Title

Identifying neonatal and pediatric cardiac and congenital diaphragmatic hernia extracorporeal membrane oxygenation patients at increased mortality risk.

Document Type

Article

Publication Date

9-2010

Identifier

PMCID: PMC4679957

Abstract

UNLABELLED: A previous review from our institution established clinically measured cut-points that defined the late implementation of extracorporeal membrane oxygenation (ECMO) correlating to increased mortality in neonatal and pediatric respiratory patients. Using the same methods, this review evaluates pediatric and neonatal cardiac and congenital diaphragmatic hernia (CDH) patients to determine if the same cut-points exist in this higher risk patient population. Neonatal and pediatric cardiac and CDH patients placed on ECMO between November 1989 and December 2008 were retrospectively reviewed to determine the first adjusted anion gap (AGc), the first venoarterial carbon dioxide (CO2) gradient (p[v-a]CO2), and the first Viability Index (AGc + p[v-a]CO2 = INDEX) on ECMO. These markers were then analyzed to identify the presence of specific cut-points that marked an increased risk of mortality. The timing of surgery was also reviewed to assess the surgical morbidity on survival. The review of neonatal and pediatric cardiac and CDH patients (n = 205) with an overall survival of 46% showed that all three markers were elevated to varying degrees in the expired patients (n = 110). Histograms identified the following specific cut-points for increased mortality: the AGc > or = 23 mEq/L, the p[v-a]CO2 _ 16 mmHg, and the INDEX > or = 28. An elevated AGc and INDEX correlated with a significantly higher risk for mortality (p < .05), survival to discharge being 20% or less. Patients under the cut-points had survival rates of 51% or higher. The timing of surgery (before or after ECMO initiation) did not significantly impact survival in the combined cardiac and CDH group. An INDEX > or = 28 correlates with non-survival. We speculate that the late implementation of ECMO may lead to reperfusion injury, which causes reduced survival, and that ECMO intervention prior to reaching the cut-points may improve survival in neonatal and pediatric cardiac and CDH patients.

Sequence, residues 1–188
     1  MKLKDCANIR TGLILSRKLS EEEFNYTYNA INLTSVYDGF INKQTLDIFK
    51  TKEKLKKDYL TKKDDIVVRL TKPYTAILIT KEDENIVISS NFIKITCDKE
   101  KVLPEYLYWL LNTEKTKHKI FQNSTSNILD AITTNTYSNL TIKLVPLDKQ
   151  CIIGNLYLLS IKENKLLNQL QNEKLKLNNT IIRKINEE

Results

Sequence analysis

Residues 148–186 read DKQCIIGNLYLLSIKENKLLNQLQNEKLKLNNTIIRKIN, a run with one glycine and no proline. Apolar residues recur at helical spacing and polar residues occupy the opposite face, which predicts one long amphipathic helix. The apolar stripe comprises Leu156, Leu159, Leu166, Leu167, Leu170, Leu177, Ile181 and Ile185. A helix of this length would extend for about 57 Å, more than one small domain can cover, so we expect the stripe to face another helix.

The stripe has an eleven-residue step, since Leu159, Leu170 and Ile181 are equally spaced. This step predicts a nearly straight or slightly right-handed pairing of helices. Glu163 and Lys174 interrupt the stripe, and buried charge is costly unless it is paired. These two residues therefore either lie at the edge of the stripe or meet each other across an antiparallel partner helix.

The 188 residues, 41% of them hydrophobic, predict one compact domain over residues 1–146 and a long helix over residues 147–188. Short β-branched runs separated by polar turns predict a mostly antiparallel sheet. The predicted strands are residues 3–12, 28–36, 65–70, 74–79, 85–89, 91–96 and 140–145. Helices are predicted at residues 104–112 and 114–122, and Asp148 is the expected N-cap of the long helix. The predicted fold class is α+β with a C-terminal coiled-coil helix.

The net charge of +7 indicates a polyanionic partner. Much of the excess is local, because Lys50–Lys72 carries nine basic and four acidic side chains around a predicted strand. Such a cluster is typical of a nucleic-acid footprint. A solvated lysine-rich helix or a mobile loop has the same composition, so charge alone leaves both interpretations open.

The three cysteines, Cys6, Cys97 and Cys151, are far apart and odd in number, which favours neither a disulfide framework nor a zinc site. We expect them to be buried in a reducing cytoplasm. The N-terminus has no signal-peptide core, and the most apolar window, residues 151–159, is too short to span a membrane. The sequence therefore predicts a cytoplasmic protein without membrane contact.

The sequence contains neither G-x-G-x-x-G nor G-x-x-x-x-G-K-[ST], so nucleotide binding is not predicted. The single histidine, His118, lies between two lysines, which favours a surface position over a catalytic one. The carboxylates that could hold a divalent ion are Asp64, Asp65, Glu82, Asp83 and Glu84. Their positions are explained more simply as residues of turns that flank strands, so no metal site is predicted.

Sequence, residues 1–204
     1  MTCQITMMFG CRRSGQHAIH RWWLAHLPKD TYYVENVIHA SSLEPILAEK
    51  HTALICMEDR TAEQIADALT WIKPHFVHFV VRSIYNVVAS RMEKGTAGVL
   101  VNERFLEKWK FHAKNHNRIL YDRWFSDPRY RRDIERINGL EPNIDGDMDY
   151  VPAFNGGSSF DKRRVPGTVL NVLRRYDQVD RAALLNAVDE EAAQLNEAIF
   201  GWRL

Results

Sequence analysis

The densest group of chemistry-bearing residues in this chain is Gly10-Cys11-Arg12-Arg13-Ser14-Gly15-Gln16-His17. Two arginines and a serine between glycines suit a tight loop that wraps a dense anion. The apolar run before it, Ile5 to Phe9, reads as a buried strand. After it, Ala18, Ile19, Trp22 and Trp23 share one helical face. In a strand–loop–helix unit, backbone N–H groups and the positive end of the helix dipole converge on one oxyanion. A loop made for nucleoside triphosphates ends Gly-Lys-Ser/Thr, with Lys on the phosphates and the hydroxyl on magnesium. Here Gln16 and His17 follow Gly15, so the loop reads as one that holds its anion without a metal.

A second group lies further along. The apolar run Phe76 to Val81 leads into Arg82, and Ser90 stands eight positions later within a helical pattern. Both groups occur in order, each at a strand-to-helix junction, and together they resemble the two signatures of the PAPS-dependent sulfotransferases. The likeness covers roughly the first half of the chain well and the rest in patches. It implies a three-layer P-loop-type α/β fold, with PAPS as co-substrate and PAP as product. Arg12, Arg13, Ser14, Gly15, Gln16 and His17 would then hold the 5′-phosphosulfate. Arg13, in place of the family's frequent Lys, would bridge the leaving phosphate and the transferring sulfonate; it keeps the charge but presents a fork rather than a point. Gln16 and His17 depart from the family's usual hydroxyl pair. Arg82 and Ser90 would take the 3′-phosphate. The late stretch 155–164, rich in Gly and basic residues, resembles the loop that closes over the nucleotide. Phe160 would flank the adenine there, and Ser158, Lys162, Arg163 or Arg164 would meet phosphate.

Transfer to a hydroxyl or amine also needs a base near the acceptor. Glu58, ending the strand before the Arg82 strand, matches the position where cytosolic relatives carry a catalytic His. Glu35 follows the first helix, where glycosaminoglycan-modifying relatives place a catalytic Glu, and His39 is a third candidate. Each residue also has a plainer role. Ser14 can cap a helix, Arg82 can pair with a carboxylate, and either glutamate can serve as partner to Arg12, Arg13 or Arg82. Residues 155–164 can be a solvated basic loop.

Journal Title

The Journal of extra-corporeal technology

Volume

42

Issue

3

First Page

183

Last Page

190

MeSH Keywords

Child; Extracorporeal Membrane Oxygenation; Heart Defects, Congenital; Hernia, Diaphragmatic; Hernias, Diaphragmatic, Congenital; Humans; Infant, Newborn; Risk Factors; Survival Rate

Keywords

cardiac, congenital, diaphragmatic, extracorporeal membrane oxygenation, neonate, pediatric.

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